2.2. Participant Recruitment/Data Collection

Over the 15-day (March 19 to April 2) data collection period, 1,628 youth were approached for participating in the survey. Among these youth, 131 declined yielding a participation rate of 92%. A total of 1,497 surveys were collected, including 43 pilot cases. Three hundred and twenty (320) surveys were lost due technical issues with the offline server, yielding 1,134 completed surveys for the final analytic sample of youth between the ages of 12 and 18 (44% boys, 56% girls).

Each social worker/peer educator received training on the study methodology and survey questions, and they recruited potential participants among attendants at their specific drop-in center. Each of the survey questions was translated into Luganda (local language) if needed. Face-to-face interviews were conducted by social workers and peer educators employed by UYDEL with previous experience working with youth within the targeted drop-in centers and communities. The survey was administered to the participants on Google Nexus 7 tablets. The use of tablets as an mHealth technology allowed for easier administration of the survey and streamlined data collection. Participants were informed about the study and read (or were read) the consent forms to indicate their willingness to take the survey. All participants provided verbal consent to participate in the study. Youth who “cater for their own livelihood” are considered emancipated in Uganda and are able to provide their own consent for the survey without parental consent. Participation was limited to youth aged 12–18 years present in-person on of the day of the field visit. There were no other exclusion criteria. Recruited youth received a small snack as incentive for participating in the survey. IRB approvals were obtained from Georgia State University and the Uganda National Council for Science and Technology to conduct this study in Kampala.

The Kampala Youth Survey 2014 was based on previously validated quantitative measures to assess alcohol use, violence perpetration and victimization, prevalence of alcohol marketing, sexual behaviors, and mental health among adolescents. Participants were asked for information on demographics, alcohol usage, and perception and beliefs related to alcohol and sex as well as their knowledge of HIV/AIDS and other STIs. Questions included in the survey were collected from previously validated instruments used in the United States and globally to measure alcohol and sexual related behavior as well as mental health, including Global School-Based Student Health Survey (GSHS) [34], Kampala Youth Survey 2011 [2, 16, 2729], MAMPA 2012 Questionnaire, AUDIT Questionnaire [35], CAGE Questionnaire [36], iMPPACS [37], AIDS Indicator Survey [1], and the Demographic Health Survey [38]. The survey was available to participants in both English and Luganda (the main local language). All survey translation was conducted by a certified Luganda translator and backtranslated for accuracy.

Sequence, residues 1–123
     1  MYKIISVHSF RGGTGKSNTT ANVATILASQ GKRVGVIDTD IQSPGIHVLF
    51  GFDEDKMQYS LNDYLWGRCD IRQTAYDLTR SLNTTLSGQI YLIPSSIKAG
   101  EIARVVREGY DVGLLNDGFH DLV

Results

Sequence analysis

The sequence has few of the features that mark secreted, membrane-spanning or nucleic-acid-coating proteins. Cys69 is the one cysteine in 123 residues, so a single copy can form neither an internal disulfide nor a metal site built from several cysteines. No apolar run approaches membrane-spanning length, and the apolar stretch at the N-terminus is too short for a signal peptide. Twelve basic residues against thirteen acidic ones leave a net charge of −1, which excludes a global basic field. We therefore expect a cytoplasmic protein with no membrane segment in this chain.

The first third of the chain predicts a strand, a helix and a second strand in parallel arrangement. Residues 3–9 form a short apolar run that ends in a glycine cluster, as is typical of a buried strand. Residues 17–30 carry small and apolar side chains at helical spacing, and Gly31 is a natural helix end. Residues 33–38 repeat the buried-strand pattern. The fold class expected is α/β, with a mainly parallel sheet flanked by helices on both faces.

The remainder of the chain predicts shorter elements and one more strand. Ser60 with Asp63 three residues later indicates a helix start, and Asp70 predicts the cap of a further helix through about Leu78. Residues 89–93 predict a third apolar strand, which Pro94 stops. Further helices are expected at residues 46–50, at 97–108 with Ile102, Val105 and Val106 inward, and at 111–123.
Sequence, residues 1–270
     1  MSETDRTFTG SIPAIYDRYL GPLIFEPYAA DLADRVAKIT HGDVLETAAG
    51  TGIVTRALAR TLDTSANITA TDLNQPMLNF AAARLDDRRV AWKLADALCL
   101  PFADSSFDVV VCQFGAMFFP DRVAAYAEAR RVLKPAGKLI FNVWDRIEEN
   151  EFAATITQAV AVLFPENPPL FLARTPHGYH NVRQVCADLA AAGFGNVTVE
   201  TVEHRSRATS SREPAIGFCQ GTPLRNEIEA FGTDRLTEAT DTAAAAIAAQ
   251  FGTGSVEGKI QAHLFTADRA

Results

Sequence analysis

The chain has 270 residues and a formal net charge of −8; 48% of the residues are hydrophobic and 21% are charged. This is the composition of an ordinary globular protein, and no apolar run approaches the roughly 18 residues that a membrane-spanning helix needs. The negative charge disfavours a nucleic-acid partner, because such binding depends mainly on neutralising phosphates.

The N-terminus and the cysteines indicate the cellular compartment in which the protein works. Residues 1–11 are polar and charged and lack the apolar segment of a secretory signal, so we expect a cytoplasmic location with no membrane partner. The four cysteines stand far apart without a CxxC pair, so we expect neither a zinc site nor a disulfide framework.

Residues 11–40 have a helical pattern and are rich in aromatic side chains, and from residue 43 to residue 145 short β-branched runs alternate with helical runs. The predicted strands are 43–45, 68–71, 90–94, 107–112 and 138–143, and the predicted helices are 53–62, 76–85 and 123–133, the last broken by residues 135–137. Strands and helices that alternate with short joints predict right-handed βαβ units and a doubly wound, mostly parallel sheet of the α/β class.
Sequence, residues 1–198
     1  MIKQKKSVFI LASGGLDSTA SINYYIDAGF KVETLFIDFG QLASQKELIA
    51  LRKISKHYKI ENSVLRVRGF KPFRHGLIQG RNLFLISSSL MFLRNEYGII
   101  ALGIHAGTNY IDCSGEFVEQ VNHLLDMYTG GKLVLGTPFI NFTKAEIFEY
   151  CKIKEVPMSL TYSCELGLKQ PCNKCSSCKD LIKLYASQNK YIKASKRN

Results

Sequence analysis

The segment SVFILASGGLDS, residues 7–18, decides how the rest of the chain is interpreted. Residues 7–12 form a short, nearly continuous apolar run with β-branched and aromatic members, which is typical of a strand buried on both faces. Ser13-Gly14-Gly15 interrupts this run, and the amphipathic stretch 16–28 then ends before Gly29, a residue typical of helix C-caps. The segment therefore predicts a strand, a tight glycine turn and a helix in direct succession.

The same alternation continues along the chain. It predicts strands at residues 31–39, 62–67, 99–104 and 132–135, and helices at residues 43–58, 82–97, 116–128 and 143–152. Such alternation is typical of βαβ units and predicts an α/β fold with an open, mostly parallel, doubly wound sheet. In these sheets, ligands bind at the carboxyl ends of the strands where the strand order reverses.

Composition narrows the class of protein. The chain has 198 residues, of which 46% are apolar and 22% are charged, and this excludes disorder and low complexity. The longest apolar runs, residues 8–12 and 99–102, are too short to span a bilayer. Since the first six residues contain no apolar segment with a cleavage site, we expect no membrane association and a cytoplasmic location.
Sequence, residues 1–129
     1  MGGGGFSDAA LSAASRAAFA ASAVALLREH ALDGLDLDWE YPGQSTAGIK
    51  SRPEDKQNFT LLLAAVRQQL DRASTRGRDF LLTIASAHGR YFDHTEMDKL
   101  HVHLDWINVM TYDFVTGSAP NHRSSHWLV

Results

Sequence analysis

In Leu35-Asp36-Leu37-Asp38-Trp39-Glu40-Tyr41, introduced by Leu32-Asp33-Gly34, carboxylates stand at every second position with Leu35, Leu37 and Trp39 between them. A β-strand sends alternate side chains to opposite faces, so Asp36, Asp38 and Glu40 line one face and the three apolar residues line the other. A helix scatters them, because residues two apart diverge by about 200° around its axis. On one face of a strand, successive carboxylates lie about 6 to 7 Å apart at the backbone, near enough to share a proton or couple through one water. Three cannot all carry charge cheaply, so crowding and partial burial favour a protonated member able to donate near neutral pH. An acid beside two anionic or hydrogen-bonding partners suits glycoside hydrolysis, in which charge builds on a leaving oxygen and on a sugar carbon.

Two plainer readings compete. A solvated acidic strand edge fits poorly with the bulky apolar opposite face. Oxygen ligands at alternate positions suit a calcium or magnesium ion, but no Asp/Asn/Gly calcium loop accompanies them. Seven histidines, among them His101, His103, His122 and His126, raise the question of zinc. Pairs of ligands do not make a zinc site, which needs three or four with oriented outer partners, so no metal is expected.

2.3. Data Analysis
2.3.1. Dependent Variable

Commercial Sex Work. A youth was classified as engaging in commercial sex work if he or she answered “yes” to “are you currently engaged in commercial sex work?”

2.3.2. Independent Variables

School attendance was classified into two categories: ever attending school and never attending school. Parental drunkenness was assessed by the question “did your parents/caretakers drink a lot of alcohol when you were growing up?” Assessing family living status was assessed using “are one or both of your parents alive?” Individuals could answer “both parents are alive,” “both parents are dead,” or “one parent living.”

Ever drinking alcohol was measured using “how old were you when you had your first full drink of alcohol?” Individuals were classified as ever having an alcoholic drink if they responded to an age category, and individuals were classified as never having alcoholic drink if they responded with “never.”

Parental child abuse was assessed using “did a parent beat you so hard you had bruises or marks?” Rape prevalence was measured using “has someone ever raped you or forced you to have sex with him or her?”

Demographic variables included age, sex, education, and religion. Age was categorized into three categories: 12–14 years, 15-16 years, and 17-18 years. Sex was dichotomized as male/female. Education was classified as “never been to school” and “ever attended school.” Religion was categorized as “Christian- Catholic,” “Christian- other,” “Muslim,” and “other.”

2.3.3. HIV Prevalence

Youth were classified as HIV-positive if he or she answered “yes” to “have you ever been told by a doctor/nurse or HIV counselor that you have HIV?” Having a sexually transmitted disease was classified as answering “yes” to “have you ever been told by a doctor/nurse or HIV counselor that you have a sexually transmitted infection?”

2.3.4. Characteristics among Sex Workers